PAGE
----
On Monday, July 29, 2019, Capital One announced that it had suffered a data breach in which a cybercriminal accessed the personal information of about 100 million individuals in the United States and approximately 6 million in Canada.
In an announcement, Capital One stated that the affected data included people who had applied for its credit card products and Capital One credit card customers. At this time, about 140,000 Social Security Numbers of the company’s credit card customers and about 80,000 linked bank account numbers of its secured credit card customers have also been accessed. To date, no credit card numbers or online account credentials appear to have been compromised.
To date, the compromised data includes:
- Zip codes/postal codes
- Phone numbers
- Email addresses
- Dates of birth
- Applicant income
- Credit scores
- Credit limits
- Payment history
If you’re a Capital One Customer or believe your data may be among that which was accessed, here are 5 steps you can take to help safeguard your personal information and mitigate any impact:
Check your account(s)
Review recent account activity and statements for any suspicious transactions or payments you don’t remember making. If you find anything concerning, report it to the appropriate financial institution as quickly as possible. You should be able to freeze your Capital One card so no additional purchases can be made.
Freeze your credit
Freezing your credit means that no individual or company can access your credit reports without your explicit permission. This means that fraudsters are unable to apply for loans in your name because the bank is unable to verify your eligibility. If you believe your information was compromised in this breach, we highly recommend this step.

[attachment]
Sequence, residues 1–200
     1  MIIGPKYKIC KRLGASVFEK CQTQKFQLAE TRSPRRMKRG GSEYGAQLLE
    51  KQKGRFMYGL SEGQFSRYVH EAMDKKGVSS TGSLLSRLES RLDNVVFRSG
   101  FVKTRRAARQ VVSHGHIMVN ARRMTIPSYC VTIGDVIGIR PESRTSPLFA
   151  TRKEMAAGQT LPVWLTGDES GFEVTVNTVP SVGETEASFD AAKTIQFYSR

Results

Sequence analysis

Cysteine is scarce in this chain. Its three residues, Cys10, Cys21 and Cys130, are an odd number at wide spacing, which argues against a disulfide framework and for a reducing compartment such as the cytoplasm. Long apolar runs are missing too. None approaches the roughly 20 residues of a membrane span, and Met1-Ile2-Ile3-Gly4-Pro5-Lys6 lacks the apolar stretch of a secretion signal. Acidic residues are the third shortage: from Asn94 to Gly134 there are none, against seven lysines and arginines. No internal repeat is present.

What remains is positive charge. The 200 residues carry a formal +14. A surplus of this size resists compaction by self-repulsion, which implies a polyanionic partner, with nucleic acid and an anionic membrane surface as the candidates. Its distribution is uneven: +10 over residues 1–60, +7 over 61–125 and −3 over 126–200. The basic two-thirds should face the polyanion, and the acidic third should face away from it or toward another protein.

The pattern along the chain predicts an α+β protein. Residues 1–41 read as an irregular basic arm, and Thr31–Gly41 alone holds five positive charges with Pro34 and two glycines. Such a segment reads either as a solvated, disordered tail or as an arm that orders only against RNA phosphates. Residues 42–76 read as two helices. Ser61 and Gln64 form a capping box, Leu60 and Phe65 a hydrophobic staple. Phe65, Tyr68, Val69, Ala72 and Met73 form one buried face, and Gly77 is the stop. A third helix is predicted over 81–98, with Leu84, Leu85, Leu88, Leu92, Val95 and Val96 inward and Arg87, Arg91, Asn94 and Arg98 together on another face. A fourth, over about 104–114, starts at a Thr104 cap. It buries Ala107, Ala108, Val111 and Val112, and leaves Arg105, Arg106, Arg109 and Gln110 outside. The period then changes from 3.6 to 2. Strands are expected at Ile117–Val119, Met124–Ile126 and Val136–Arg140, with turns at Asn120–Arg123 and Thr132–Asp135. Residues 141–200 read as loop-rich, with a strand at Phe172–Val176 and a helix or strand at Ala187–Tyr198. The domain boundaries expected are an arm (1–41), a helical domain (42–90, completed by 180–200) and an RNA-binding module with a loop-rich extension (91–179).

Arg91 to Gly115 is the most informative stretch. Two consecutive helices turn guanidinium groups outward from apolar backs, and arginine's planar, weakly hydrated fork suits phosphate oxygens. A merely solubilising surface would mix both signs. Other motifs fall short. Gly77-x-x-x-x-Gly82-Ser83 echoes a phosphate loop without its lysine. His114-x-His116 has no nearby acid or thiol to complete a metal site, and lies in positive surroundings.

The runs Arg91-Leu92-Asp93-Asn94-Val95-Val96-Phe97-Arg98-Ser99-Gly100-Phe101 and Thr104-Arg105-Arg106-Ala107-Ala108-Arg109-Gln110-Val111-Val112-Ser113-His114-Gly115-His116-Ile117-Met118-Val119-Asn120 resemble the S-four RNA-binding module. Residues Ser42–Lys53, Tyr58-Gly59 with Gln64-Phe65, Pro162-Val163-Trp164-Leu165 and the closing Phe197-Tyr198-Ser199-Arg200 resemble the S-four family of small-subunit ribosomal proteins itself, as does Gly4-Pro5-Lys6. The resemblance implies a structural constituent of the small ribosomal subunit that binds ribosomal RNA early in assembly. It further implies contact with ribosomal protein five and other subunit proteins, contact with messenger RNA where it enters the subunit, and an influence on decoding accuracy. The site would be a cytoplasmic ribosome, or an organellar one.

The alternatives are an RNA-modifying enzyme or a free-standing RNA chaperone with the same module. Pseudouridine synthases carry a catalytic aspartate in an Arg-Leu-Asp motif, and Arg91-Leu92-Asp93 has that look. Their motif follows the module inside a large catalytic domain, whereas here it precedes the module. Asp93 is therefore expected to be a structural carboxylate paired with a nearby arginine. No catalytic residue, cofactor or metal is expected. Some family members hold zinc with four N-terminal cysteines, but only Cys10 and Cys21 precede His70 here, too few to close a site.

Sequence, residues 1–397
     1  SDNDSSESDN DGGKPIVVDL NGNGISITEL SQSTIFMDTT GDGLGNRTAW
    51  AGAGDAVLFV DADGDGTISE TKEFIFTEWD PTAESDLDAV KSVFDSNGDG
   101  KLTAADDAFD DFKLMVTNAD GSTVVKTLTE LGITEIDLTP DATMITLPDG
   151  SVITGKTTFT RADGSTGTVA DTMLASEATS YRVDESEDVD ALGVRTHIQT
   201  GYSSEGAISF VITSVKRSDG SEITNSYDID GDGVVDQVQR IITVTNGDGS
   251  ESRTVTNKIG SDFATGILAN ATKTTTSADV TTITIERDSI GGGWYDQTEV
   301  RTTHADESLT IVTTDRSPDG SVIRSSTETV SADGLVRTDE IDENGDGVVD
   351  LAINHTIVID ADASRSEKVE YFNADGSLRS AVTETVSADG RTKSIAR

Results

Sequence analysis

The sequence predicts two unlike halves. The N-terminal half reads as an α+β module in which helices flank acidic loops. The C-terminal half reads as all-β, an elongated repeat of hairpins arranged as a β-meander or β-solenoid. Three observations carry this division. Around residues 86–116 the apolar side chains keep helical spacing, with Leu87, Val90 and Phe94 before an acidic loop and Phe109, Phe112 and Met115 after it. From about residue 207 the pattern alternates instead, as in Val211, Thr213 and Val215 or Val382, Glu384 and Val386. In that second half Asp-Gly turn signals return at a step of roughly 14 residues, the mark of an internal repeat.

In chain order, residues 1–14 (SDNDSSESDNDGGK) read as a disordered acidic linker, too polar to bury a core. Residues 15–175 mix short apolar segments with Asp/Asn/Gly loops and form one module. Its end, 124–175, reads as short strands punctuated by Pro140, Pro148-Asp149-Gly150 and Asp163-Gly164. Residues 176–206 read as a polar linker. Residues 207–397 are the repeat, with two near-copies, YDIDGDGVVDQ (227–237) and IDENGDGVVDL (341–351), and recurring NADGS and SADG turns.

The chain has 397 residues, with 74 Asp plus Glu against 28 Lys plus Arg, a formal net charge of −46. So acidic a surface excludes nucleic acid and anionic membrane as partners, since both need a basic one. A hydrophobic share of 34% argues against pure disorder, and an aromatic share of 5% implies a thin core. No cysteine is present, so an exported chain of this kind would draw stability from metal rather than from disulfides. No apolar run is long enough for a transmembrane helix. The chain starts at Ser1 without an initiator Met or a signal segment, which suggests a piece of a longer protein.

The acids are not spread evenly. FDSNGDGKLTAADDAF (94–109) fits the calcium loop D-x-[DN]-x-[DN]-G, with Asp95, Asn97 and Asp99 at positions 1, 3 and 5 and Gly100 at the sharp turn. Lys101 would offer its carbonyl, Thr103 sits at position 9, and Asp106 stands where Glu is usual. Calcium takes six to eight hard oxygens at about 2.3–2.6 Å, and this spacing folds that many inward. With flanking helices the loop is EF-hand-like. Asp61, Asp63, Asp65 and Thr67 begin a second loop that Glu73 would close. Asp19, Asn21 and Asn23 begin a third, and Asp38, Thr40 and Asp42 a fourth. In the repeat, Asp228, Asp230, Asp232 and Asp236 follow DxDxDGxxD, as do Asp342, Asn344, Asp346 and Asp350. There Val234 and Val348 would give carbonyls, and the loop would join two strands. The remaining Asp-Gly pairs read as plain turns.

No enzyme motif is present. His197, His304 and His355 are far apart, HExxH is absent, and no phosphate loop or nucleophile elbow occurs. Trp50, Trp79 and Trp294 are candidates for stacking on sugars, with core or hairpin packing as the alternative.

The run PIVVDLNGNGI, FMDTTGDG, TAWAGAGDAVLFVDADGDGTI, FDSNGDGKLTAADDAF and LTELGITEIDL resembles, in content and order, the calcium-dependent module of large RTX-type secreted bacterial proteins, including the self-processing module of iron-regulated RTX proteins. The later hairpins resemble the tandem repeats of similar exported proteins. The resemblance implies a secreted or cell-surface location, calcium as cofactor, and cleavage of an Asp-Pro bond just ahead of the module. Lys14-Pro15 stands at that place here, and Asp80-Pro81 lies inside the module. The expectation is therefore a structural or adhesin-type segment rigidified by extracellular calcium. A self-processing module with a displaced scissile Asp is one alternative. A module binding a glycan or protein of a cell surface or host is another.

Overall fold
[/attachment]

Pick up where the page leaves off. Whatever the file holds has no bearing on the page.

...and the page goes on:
- Change your account passphrases
In this case, log-in credentials were not among the compromised information, but it is always better to be safe than sorry. Here are best practices for making strong passphrases.
- Make your passphrase a sentence: A strong passphrase is a sentence that is at least 12 characters long. Focus on positive sentences or phrases that you like to think about and are easy to remember (for example, “I love country music”). On many sites, you can even include a space
- Unique account, unique passphrase: Having separate passphrases for every account helps to thwart cybercriminals
- Write it down and keep it safe: Everyone can forget a passphrase. Keep a list that’s stored in a safe, secure place away from your computer. As an alternative, you can use a service like a passphrase manager to keep track
Learn more about passphrases.
Turn on multi-factor authentication for added account security
Typing a username and passphrase to access a website isn’t the only or most secure way to identify yourself when logging in. Services such as multi-factor authentication (frequently referred to as MFA and two-factor) uses biometrics, security keys or a unique one-time code through an app on your mobile device to verify that you’re the true owner of the account.
Keep your eyes peeled for scams
When it comes to scammers, there’s no rest for the wicked. In the wake of any large data breach, thieves will leverage heightened panic to prey on unsuspecting victims by sending fake settlement or notice emails (phish) or making phone calls that implore you to act immediately or are threatening in nature. Remain vigilant to these tactics by familiarizing yourself with online safety best practices.
Cybercriminals don’t discriminate when data is involved. Whether you’re an individual or business, it is critical to Own IT. Secure IT. Protect IT. You can learn more about how to do so during National Cybersecurity Awareness Month, held annually during October and co-led by the National Cyber Security Alliance and the Cybersecurity and Infrastructure Security Agency.
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